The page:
Touts do not live in harmony with sports books. Remember the movie Pinocchio, the wooden boy escapes from Stromboli's puppet show, even though Stromboli kept him under a contract he signed. Touts associated with sports books act like there are no strings of attachment on them, but their sole purpose is to push betting lines that are over or under bet to get the line to even on both sides. It’s purely incidental if they give a winning pick. Moreover, sports books are in business to make money, if you win a bet, it costs them money, therefore it is not in their best interest to provide winning selections. Betting lines now roll across TV screens during sports broadcasts. Professional teams and leagues have established direct partnerships with gambling companies. Media and entertainment companies including such family-friendly giants as the Walt Disney Co. have pursued similar partnerships or opened the door to them. One example of Tout services and professional associations; The Las Vegas Golden Knights NHL Hockey Team cut their losses and ended their unpopular sponsorship agreement with sports betting tout service The franchise announced that it had entered a multiyear partnership with UpickTrade, a site based in Guadalajara, Mexico, that sells picks and was designated the Official Sports Pick Service Partner of the Knights. Financial terms of the deal weren’t announced. The partnership was universally panned by the sports betting industry and the team’s fans on social media. “I’m not surprised the agreement ended as quickly as it started,” told US Bookmaking sportsbook director Robert Walker, former MGM Mirage (now MGM Resorts) sportsbook director. “I think the Knights’ management staff just lacked a fundamental understanding of the hole they were digging themselves in. “I am somewhat thankful, though, as I plan to use this case any time the leagues bring up integrity. Hopefully, all can learn from this and move on. At some point, common sense will trump money.” NHL deputy commissioner Bill Daly said in an email to the RJ that he was not prepared to comment on the Knights’ situation specifically. But he did say that the league and the Knights were in communication on the matter and that clubs are on their own to comply with league rules and policies. In 2018, when the Supreme Court overturned the federal ban on sports betting, the Knights were the first NHL team to partner with a sportsbook when it entered a multiyear deal with William Hill. Three years later, all four major American sports leagues have partnerships with legal, regulated books. But tout services have long had a shady reputation for making sensational, unsubstantiated claims of success and even giving out picks on both sides of the same game so half of their clients win. “The sportsbooks are in the business of taking bets either way. Touts, on the other hand, are trying to pick winners,” UNLV gaming historian David Schwartz said. “So, it raises a lot of questions if the team and tout have a financial arrangement together. If the tout picks against the team, what does that mean? “It probably wasn’t the best decision by the NHL Knights, but at least they’ve rescinded that. It shows how organizations must understand the business and culture of sports betting.” UpickTrade, which charges $89 per month, per sport, for its picks, claims on the front of its site that more than 6,000 clients “are now making a living off of sports.” It also boasts annual returns on investment of up to +687.24 percent. Hours after the announcement, the Knights’ logo was still displayed on the image of a player on the site. Chris Grove, a partner in the Eilers & Krejcik Gaming research and advisory firm, said the short-lived partnership between the Knights and UpickTrade is essentially a growing pain in the rapid expansion of legal sports betting. “This is an example of an issue that professional sports stakeholders are going to have to navigate as they get more integrated with legal betting in the U.S.,” he said. “Whether it’s a relationship with a tout service or the team opening a sportsbook or any possibilities in between, there are going to be new questions for sports stakeholders, and I don’t know if anyone fully appreciates how difficult those questions will become.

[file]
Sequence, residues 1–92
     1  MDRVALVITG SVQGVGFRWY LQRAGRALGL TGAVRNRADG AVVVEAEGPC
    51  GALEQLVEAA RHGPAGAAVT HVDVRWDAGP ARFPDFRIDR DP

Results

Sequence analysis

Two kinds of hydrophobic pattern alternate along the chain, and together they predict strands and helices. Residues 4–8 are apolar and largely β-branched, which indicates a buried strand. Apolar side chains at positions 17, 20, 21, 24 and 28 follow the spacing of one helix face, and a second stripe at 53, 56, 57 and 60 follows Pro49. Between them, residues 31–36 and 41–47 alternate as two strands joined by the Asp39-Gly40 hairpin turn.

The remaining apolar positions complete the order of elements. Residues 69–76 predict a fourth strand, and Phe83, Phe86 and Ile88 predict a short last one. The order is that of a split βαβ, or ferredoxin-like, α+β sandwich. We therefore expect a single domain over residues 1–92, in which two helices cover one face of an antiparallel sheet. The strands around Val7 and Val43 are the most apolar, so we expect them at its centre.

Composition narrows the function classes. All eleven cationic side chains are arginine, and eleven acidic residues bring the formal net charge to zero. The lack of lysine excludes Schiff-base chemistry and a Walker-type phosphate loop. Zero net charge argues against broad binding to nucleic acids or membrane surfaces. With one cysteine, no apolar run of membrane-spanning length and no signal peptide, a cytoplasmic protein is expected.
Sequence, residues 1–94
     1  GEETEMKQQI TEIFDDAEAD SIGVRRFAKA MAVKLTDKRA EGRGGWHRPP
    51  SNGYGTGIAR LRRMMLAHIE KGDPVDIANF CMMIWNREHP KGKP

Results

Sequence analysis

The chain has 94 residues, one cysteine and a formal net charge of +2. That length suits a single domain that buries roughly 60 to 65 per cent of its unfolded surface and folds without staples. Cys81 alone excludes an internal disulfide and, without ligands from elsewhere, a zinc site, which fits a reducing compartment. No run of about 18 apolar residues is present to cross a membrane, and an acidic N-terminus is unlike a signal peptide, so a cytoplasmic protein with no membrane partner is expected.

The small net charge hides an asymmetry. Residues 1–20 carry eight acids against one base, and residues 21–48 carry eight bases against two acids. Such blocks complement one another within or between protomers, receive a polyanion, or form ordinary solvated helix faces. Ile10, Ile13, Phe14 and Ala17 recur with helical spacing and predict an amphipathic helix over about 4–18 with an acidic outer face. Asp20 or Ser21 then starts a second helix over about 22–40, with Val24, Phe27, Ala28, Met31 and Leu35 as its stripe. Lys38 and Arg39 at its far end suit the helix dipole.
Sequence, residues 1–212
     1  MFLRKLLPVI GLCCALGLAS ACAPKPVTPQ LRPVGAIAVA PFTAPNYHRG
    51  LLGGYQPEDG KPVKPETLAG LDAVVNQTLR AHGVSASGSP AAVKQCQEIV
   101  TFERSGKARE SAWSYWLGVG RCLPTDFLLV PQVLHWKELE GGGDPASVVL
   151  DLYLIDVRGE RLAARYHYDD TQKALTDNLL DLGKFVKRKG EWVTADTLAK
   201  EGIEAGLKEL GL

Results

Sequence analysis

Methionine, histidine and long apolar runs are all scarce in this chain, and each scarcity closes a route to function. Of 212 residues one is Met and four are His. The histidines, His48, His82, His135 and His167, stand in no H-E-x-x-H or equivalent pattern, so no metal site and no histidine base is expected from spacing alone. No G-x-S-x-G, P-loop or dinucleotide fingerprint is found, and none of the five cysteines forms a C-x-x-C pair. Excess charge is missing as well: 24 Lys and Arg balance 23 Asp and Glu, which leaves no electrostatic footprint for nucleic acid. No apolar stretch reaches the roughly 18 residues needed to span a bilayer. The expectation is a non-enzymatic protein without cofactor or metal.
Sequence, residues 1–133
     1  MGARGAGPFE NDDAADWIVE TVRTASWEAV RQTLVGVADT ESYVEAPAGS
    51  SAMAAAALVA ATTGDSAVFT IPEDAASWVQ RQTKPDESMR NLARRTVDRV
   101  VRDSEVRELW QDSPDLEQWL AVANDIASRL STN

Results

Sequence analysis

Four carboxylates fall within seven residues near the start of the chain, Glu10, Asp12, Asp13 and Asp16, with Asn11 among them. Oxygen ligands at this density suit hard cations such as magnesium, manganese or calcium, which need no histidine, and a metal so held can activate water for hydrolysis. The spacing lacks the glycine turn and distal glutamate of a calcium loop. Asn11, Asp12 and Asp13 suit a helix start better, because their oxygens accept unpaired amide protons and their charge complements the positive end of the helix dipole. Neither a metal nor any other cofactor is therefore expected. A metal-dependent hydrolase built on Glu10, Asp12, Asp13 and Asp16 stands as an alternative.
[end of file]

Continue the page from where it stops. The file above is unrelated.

Remember Jim Mora saying at a press conference; “Playoffs, Playoff’s, you're talking about Playoffs? I caught myself saying, The Washington Post, The Washington Post? you're talking about sports betting? The Washington Post debuts “Odds Against”, its first-ever sports betting series. Readers can expect to see a heady mix of predictive analytics, accessible advice, and nuanced reporting on the sports betting industry at large, creating a go-to resource for fans each week. “Readers, especially younger readers, are looking for coverage that will help them better understand sports betting, and help them bet smarter," said Matthew Vita, sports editor. "Odds Against will meet readers at a time when sports betting has become an inseparable part of the fan experience." Sports betting is big business. The ascendancy last year of Barstool Sports’ Dave “stocks only go up” Portnoy shows that it’s now even beginning to act as a gateway drug for the stock market. But it turns out that sports betting provides useful practice for financial markets, as is a great laboratory for quants and academics to study market inefficiencies. The quantitative analyst and academics are watching. Toby Moskowitz, a professor at Yale School of Management and partner at the AQR hedge fund group, has been studying sports bets for years, and not just as a fan. He explains that sports betting markets provide “a direct test of behavioral asset pricing,” which is distinct from rational asset pricing. Unlike bets in stock and bond markets, he points out: Sports bets are idiosyncratic and have no relation to risk premia in the economy, and Sports contracts reveal a terminal value that is (largely) independent from betting activity and preferences, where uncertainty is resolved, and therefore allows mispricing to be detected. Put differently, we don’t always know the “true” fundamental value of a company, while individual bonds and stocks can be driven by broader trends that affect the entire economy. It is possible to separate out the effects with certainty. In sports betting, we know the outcomes with precision and so we can calculate with hindsight how efficient markets were in predicting the result; and correlation between games is minimal. Generally, the result of the game you’re watching will not be affected by one taking place 200 miles away. For an academic, or for a quant looking for anomalies to exploit, sports betting markets therefore allow a clear view on what other factors are moving them. In a new paper, Moskowitz recounts the results gleaned from more than 100,000 betting contracts from the largest Las Vegas and online sports gambling books across four U.S. professional sports leagues: the National Basketball Association, the National Football League, Major League Baseball, and the National Hockey League, with multiple contracts per game that allow for bets on who wins, by how much, and total points scored. The contracts he covered spanned three decades. He wanted to isolate the effects of the three factors that have been identified as the most persistent anomalies in stocks; momentum (winners tend to keep winning while losers keep losing), value (cheaper stocks tend to win in the long run), and size (smaller stocks beat large ones). There is controversy over why these effects have been observed in stock markets. If they were to appear in the pure laboratory of sports betting, it would imply that those anomalies are based in human nature. Moskowitz’s bottom line: There is no size effect, but he could clearly discern a momentum effect, while there was also a just discernible value effect. It looks as though these factors are hot wired into our consciousness (and therefore that we aren’t rational as economists assume). Rather than being driven by risk, as market efficiency theory holds, this at least implies that market outcomes are driven by the quirks of behavioral psychology. As Moskowitz puts it, “It’s at least suggestive. My belief in the behavioral stories did get a little stronger after I did this study.” Coming up with sporting equivalents of value and momentum was difficult. It’s hard to come up with an underlying or intrinsic value for a sports team, although this doesn’t stop an army of sports nerds armed with spreadsheets from trying. The value effect in sports, Moskowitz says, would be “a team that’s good on paper but maybe the outcomes haven’t been so good. Or the betting market looks like it’s pricing too low.” Particularly in soccer, where the low scoring means that quite often the plainly superior team in the game doesn’t win, bettors can be over-influenced by poor results. This creates a value effect that sports nerds can exploit by picking very good teams who’ve had bad luck. Moskowitz admits that the value effect is only faint. Momentum, however, is much stronger. It’s measured in two ways. One is by a team on a hot streak versus a team on a cold streak; for example, long bets on teams that have won the last three, and shorting teams that have lost the last three. Secondly, by a team that has won money for the people who bet on it for the last couple of games. It pushes prices up, and so the “smart” money should take the other side.